New method identifies adaptive mutations in complex evolving populations

New method identifies adaptive mutations in complex evolving populations

The top left panel shows frequency ranges of all mutant alleles, the bottom three panels on the left show the ranges of beneficial / neutral / harmful mutants in blue / orange / red. The right panel shows their estimated fitness values ​​using the suggested inference method. Vertical lines indicate actual fitness values. Credit: HKUST

A research team, co-led by a scientist from the Hong Kong University of Science and Technology (HKUST), has developed a method to study how HIV mutates to escape the immune system in multiple patients, which could help the design of HIV vaccines. to influence.

HIV, which can lead to AIDS, develops quickly and affects the body’s immune system. Genetic mutations in the virus allow it to evade immune responses caused by T cells and antibodies, making it all the more difficult to design an effective solution. While there is currently no effective cure for the virus, it can be controlled with medication.

Now the international research team has come up with a new method from conventional statistical physics to reveal selection patterns in the evolution of HIV using 14 patient data sets, providing a means to efficiently distinguish between the mutations that help the virus. escape the immune system and those that alone are random variations.

“Our new method allows us to find out which genetic changes provide an evolutionary advantage over those that offer no benefit or have a detrimental effect,” said Prof. Matthew McKay, a professor in the departments of electronic and computing technology and chemistry. and biological technology. , who led the study along with Prof. John Barton, an assistant professor of physics and astronomy at the University of California, Riverside.

“The method is quite general and could be used to study various evolutionary processes, such as the evolution of drug resistance of pathogens and the evolution of cancers. The accuracy and high efficiency of our approach enable the analysis of selection in complex evolutionary processes. systems that are beyond the scope of existing methods, ”he added.

“Understanding the genetic causes of diseases is important in the biomedical sciences,” says Prof. Barton. “Identifying genomic rearrangements is key to understanding how diseases arise and how to treat them.” Well-known examples of genetic causes of disease include mutations that allow viruses to escape immune control, while other bacteria confer drug resistance.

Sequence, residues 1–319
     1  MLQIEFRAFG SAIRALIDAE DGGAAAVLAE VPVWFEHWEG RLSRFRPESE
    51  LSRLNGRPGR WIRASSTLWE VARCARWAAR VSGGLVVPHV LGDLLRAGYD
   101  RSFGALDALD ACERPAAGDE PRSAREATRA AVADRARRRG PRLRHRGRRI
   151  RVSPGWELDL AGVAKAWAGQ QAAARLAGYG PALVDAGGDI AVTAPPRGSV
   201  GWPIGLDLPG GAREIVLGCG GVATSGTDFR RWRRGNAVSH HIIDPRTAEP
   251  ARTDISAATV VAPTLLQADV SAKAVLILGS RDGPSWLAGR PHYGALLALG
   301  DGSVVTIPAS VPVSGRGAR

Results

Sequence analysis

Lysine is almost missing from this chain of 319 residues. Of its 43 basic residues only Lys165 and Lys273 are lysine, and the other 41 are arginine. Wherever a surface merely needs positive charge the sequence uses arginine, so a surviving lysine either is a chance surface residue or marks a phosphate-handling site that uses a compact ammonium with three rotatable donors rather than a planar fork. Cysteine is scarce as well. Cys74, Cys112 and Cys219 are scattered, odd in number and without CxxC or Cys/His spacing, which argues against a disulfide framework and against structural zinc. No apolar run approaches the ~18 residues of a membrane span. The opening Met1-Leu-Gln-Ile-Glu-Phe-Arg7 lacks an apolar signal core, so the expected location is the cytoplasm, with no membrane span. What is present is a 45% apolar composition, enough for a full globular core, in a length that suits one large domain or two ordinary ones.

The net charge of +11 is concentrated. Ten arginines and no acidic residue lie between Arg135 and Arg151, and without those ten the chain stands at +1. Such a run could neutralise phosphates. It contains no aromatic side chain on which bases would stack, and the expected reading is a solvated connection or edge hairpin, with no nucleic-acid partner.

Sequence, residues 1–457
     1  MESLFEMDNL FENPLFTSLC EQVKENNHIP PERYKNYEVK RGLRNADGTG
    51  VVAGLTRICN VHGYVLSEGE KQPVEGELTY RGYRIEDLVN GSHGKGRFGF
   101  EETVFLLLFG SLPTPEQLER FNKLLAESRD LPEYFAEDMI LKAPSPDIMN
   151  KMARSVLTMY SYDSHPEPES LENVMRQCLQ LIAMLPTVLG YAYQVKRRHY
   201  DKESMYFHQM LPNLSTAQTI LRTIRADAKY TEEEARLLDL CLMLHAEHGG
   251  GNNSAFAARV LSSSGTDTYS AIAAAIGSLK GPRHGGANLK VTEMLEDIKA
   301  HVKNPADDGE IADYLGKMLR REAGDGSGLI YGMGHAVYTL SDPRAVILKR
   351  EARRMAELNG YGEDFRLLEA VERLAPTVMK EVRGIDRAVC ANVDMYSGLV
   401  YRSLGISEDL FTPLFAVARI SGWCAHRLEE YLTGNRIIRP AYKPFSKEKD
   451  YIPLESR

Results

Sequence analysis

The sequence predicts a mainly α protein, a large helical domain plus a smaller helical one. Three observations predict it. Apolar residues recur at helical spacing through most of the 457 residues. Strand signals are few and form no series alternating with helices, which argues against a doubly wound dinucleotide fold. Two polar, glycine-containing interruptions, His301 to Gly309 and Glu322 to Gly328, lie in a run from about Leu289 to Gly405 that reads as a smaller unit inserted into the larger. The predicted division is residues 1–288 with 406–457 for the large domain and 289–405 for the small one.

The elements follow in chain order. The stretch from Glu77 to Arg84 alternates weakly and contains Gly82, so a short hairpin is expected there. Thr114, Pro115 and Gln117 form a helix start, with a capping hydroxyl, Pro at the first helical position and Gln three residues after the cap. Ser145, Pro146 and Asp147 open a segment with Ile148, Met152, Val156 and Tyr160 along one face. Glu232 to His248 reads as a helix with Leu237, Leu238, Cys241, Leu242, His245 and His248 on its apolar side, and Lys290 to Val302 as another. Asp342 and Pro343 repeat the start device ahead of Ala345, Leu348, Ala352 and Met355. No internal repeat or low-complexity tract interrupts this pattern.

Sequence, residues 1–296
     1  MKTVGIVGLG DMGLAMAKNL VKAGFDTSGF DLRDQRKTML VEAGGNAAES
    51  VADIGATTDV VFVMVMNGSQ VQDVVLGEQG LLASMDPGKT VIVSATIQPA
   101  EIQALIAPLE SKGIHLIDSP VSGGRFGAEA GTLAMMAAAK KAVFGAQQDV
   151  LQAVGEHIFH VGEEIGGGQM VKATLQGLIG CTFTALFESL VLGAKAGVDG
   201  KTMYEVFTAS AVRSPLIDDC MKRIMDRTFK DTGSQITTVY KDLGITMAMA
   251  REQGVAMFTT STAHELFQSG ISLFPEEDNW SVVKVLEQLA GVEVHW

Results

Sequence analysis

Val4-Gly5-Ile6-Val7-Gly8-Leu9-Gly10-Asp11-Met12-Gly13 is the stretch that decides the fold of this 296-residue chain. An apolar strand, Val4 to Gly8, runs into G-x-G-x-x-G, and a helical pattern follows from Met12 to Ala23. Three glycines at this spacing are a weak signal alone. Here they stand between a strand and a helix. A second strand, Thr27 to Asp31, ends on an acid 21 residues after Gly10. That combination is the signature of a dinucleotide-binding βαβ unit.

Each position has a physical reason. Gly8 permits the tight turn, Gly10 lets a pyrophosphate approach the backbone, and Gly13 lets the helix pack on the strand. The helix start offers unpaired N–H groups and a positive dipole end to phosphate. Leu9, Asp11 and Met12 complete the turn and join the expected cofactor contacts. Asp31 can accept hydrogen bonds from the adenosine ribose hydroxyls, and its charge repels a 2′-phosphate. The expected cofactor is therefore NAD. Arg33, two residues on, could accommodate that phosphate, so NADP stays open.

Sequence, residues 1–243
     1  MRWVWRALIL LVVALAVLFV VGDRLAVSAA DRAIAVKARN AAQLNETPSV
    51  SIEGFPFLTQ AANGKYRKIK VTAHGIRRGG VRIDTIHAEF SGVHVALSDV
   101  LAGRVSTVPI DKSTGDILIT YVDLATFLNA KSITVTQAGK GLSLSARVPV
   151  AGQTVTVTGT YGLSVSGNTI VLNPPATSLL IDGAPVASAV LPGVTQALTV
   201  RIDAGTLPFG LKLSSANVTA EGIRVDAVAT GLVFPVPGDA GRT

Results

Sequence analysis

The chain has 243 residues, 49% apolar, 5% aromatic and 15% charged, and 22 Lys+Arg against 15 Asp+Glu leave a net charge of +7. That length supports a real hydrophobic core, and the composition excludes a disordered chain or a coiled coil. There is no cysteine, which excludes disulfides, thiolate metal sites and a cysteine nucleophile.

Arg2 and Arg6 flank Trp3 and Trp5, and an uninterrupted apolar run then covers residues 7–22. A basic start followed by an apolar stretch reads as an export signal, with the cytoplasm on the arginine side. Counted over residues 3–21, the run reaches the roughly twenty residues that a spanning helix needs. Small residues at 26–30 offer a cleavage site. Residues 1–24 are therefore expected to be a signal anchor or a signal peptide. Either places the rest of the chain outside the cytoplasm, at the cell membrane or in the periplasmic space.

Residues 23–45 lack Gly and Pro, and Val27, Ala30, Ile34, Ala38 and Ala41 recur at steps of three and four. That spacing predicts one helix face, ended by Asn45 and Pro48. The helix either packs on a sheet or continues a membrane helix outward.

“However, it can be difficult to distinguish between true, adaptive mutations and random genetic variation,” he added. “The new method we have developed allows us to identify such mutations in complex evolving populations.”

“However, it is computationally difficult to extract this information from data,” he said. “We have used statistical physics methods to overcome this computational challenge. Our method can be widely applied to evolving populations and is not limited to HIV.”

Some well-known diseases with known genetic causes are cystic fibrosis, sickle cell anemia, Duchenne muscular dystrophy, color blindness, and Huntington’s disease.

“Our approach is not limited to HIV, but there are a few reasons why we have focused on HIV as a testing system,” said Prof. McKay. “HIV has an extraordinary ability to mutate within humans in order to escape the immune system. However, the details of these immune escape dynamic are not well understood. If we can get a clearer picture of how HIV evolves within a person, it could help to develop better treatments against the virus. “

Their findings have just been published in a high-impact scientific journal Nature Biotechnology on November 30, 2020.

Virus evolution could undermine a COVID-19 vaccine, but it can be stopped

More information:
MPL resolves genetic linkage in fitness inference from complex evolutionary histories, Nature Biotechnology (2020). DOI: 10.1038 / s41587-020-0737-3,

Provided by Hong Kong University of Science and Technology

Quote: New Method Identifies Adaptive Mutations in Complex Evolving Populations (2020, November 30) Retrieved November 30, 2020 from

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